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At Town Hall and in Campaign Filings, Clinton’s Cozy Wall Street Ties Are on Display
Posted on Feb 4, 2016
Hillary Clinton’s deep ties to Wall Street are under the spotlight again following her defense of taking large speaking fees from Goldman Sachs, as well as campaign finance records showing the tens of millions her campaign and super PACs have received from the financial sector.
Her defense of the speaking fees came Wednesday night during the Democratic Presidential Town Hall hosted by CNN when Anderson Cooper asked if it “was a mistake” or “bad error in judgement” for her to take $675,000 from the investment banking giant for three speeches.
Her response: “Look, I made speeches to lots of groups. I told them what I thought. I answered questions.”
“But did you have to be paid $675,00?” Cooper asked.
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She added that she wasn’t committed to running at the time, and said, “They’re not giving me very much money now, I can tell you that much.”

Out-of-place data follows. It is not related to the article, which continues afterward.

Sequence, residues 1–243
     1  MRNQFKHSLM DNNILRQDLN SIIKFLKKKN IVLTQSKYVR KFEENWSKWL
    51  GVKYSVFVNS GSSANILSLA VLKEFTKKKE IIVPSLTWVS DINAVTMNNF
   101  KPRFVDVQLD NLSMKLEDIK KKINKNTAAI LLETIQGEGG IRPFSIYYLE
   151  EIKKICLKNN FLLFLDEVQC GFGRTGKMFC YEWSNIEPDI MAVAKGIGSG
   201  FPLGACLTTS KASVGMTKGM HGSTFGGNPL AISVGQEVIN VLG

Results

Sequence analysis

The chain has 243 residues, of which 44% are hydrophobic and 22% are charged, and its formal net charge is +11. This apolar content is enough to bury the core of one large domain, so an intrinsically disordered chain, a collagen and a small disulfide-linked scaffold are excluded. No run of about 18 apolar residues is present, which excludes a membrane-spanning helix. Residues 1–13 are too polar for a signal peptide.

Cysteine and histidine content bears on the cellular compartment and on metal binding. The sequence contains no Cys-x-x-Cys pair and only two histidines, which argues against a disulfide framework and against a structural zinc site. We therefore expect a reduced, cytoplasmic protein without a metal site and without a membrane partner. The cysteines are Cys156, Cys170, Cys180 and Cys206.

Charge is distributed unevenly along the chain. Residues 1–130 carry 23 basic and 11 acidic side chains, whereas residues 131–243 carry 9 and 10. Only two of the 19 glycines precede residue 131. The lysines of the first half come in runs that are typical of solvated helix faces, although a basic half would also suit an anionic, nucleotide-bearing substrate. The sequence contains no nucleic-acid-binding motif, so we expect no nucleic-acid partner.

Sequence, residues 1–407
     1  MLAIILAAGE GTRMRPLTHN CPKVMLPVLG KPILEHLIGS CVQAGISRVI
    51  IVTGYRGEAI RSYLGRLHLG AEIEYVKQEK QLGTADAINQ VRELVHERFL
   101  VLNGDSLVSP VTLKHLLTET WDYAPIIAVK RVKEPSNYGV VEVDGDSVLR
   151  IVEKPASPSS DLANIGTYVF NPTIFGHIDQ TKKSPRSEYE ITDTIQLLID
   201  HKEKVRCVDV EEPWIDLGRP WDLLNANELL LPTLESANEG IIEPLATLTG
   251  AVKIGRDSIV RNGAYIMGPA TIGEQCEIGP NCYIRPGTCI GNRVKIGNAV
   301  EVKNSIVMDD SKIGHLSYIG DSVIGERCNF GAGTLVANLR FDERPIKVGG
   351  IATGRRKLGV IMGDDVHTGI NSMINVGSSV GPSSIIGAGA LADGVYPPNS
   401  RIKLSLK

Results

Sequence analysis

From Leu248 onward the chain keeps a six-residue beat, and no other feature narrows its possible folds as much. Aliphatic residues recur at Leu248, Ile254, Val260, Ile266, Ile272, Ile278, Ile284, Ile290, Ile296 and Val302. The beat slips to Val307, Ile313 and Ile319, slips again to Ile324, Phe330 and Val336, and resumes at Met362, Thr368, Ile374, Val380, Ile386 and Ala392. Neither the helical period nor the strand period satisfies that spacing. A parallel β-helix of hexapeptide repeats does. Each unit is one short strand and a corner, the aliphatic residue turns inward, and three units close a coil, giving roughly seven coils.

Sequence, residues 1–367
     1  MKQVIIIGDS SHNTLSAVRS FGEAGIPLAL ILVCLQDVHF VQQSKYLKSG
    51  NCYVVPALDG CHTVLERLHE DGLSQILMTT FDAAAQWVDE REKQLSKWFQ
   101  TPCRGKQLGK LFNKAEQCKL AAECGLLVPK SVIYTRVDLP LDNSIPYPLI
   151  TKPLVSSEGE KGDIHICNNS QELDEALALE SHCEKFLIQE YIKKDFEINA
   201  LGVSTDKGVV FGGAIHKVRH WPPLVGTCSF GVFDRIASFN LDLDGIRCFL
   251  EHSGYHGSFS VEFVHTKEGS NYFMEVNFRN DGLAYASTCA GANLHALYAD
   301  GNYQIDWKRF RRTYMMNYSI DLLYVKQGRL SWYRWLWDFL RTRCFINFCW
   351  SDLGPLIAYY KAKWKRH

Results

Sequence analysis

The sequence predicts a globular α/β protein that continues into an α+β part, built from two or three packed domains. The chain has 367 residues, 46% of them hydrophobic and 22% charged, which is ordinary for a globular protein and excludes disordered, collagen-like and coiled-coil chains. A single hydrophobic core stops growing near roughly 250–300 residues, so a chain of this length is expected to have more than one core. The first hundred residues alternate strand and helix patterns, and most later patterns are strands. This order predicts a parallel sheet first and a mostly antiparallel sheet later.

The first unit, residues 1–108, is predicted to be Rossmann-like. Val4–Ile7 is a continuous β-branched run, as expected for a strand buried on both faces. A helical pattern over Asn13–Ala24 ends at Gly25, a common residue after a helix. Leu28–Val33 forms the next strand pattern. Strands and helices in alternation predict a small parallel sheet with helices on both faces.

Watch the exchange below in this video from CNN:
Clinton’s rival Bernie Sanders has previously pointed to those speaking engagements to contrast the two campaigns. He said in an interview last month with the Washington Post:
“I do not believe that you can get huge speaking fees from Goldman Sachs and then with a straight face tell the American people that you’re prepared to do what is necessary to take on the greed and illegal behavior on Wall Street,” Sanders said. “I don’t think people think that passes the laugh test. ... Why do special powerful interests give you money? Are they dumb? I don’t think so.”
The Post’s Chris Cillizza argued that “For Sanders, the speaking fees attack encapsulates all of his strengths and Clinton’s weaknesses into a tidy package that is easily understood by almost anyone.”
And on Wednesday Sanders told CNN, “To a significant degree, her campaign is funded by Wall Street and big money interests.”
The Post, analyzing filings from the Federal Election Commission, reported Thursday on the full tally of the money her campaign is receiving from Wall street, “a sign of her deep and lasting relationships with banking and investment titans”
On top of the funding her campaign, “she personally earned more than $3.7 million for delivering paid speeches to banks and other financial-services firms since leaving the State Department in 2013, personal financial disclosures show,” the Post reports.
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